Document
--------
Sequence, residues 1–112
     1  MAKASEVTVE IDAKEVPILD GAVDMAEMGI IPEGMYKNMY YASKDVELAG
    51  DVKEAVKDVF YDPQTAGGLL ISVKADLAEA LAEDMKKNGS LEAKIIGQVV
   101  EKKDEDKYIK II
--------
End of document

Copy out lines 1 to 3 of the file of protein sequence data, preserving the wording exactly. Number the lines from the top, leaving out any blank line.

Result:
Sequence, residues 1–112
     1  MAKASEVTVE IDAKEVPILD GAVDMAEMGI IPEGMYKNMY YASKDVELAG
    51  DVKEAVKDVF YDPQTAGGLL ISVKADLAEA LAEDMKKNGS LEAKIIGQVV